Posted: 1 June, 2018 in 2012

If it was not for the man sitting next to me with that smell of cigarettes impregnated on his body, the trip would have been very pleasant. I had just arrived in Amsterdam. Soon my suitcase would be in the luggage carousel. I was surprised to find a purse on the floor. Considering its colors, blue and yellow, I thought it belonged to a young woman.

I looked around me.

A girl jumped, bored, next to those who I imagined were her parents. I showed them the handbag, but they ignored my signs.

–Don’t abandon your belongings!

A security guard ordered me in a rather choppy English.

–They are not mine.

I replied in the same language, about to raise my arms as a sign of surrender.

An anecdote in Raymond Carver’s book I had just read on the plane came to my mind. In that short story, a woman forgets her purse in the bathroom of a museum in Germany. A lady, upon seeing and opening it, finds an identification card with a local address in Munich. She decides to take a taxi in order to deliver it herself to its owner.

–Pick it up immediately! –insisted the guard–. If not, you must come with me to Security!

Without giving it another thought, I did what the woman in Carver’s short story should not have done either: I took the bag.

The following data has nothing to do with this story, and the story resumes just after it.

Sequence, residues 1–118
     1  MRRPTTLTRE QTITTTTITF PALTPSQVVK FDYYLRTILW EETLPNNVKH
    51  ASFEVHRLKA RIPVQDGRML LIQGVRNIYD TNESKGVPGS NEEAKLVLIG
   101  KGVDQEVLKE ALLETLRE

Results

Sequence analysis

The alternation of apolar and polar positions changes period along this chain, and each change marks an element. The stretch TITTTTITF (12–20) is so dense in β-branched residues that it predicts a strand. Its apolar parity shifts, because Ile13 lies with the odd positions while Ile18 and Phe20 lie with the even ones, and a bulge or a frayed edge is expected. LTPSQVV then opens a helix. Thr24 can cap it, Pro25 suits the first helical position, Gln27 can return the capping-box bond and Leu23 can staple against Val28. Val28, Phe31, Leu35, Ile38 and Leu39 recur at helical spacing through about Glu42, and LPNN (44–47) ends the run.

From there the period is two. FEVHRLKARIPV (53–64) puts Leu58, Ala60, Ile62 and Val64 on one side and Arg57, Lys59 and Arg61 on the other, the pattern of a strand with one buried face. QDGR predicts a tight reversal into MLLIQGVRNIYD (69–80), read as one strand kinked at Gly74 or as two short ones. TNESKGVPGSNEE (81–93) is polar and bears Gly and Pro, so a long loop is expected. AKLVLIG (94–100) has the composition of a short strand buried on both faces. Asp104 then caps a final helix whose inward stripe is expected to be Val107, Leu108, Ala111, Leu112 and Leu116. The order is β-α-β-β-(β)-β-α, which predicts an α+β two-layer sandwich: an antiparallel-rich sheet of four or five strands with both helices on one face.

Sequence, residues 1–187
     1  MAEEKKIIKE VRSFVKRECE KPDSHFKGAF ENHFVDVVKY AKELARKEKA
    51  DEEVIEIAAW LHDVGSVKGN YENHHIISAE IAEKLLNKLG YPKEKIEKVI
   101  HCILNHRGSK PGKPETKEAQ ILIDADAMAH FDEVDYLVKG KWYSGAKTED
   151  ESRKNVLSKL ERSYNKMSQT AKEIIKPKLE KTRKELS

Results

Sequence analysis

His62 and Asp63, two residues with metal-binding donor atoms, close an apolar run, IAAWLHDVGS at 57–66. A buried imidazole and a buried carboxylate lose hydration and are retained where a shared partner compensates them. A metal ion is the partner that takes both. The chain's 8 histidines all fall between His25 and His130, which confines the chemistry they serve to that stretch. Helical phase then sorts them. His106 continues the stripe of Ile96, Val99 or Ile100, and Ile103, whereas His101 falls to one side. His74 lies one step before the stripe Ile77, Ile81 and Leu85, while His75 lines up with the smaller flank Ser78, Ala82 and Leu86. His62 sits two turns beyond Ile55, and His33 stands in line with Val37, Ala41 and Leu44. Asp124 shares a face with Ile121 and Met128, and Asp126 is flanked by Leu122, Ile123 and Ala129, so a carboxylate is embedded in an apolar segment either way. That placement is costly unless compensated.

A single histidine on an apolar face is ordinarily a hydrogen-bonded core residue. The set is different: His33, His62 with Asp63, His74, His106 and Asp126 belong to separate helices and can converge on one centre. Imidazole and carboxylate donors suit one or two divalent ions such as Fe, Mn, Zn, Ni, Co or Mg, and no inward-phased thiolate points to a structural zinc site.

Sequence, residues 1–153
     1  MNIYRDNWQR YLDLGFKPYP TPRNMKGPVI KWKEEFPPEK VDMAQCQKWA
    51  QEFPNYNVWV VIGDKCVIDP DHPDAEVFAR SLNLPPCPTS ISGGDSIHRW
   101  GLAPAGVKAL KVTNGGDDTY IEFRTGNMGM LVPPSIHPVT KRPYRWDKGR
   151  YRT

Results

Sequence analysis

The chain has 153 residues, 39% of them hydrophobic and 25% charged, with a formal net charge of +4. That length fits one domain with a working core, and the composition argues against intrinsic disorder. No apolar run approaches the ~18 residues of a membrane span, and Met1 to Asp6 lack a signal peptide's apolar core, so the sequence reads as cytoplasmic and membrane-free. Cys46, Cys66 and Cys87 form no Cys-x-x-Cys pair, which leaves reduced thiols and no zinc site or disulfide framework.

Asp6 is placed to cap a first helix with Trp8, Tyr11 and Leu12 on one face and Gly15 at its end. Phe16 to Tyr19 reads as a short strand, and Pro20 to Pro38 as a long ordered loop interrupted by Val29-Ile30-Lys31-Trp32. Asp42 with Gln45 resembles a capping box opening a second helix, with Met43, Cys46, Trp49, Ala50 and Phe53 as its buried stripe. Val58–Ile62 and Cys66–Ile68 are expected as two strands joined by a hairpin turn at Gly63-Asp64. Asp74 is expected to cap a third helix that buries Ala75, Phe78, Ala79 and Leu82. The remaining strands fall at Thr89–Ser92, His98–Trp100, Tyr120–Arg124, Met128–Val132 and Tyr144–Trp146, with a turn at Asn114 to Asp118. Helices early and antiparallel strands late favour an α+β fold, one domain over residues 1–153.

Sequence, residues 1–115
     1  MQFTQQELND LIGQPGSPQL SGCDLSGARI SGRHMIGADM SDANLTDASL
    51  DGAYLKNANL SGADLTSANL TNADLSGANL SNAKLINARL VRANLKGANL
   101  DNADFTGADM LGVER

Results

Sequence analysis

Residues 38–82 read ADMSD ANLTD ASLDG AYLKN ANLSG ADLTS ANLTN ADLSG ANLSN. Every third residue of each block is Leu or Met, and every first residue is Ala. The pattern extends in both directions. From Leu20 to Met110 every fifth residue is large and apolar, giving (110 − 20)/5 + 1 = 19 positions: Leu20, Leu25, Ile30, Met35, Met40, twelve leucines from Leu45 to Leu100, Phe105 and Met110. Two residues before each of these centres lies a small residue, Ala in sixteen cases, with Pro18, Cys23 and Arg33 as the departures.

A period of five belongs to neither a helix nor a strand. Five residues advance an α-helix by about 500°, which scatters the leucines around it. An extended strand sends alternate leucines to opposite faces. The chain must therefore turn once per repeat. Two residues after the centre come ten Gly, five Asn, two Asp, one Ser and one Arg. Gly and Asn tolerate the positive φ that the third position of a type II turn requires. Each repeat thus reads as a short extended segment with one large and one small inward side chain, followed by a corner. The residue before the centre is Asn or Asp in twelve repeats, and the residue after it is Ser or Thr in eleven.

What would be in it? What would happen if the owner had seen me?

My suitcase arrived.

I went to the customs line trying to hide my nervousness. It was cold, but my hands were sweaty. I was beginning to feel heat all over my body. The guard stared at me. On leaving the airport, I would take the first taxi I found and check out the purse. It had to have a document.

I was in the line after four people.

I did not want that handbag with me any more. The short story written by Carver was still in my mind. The woman of that story returns the purse to her owner who, upon receiving it, discovers that the one hundred and twenty dollars which she had fastened with a paperclip were gone. She does not say anything to the lady imagining that perhaps someone else had taken the money. In gratitude, the owner of the bag and her husband, invited her to stay for a cup of tea.

–Your turn –a boy said behind me.

I approached the customs officer and showed my declaration and passport with a shy smile. Tried to look calm. Answered a few questions that I do not remember anymore.

–Welcome to the  Netherlands –he said.

I took my passport and smiled again.

Sighed softly.

Walked slowly.

Left the airport.

Felt cold.

In three minutes I was in a taxi.

–Where should I take you? –the driver asked me in English.

I opened the handbag. There had to be a document, something that could take me to its owner.

A scarf. An old book

I was stunned.

There were dollar bills fastened with a paperclip.

Could it be another coincidence?

I preferred not to touch them and flipped through the pages of the book.  A piece of paper fell out with a handwritten text.

I gave it to the driver.

It was an address.

–Is it far away?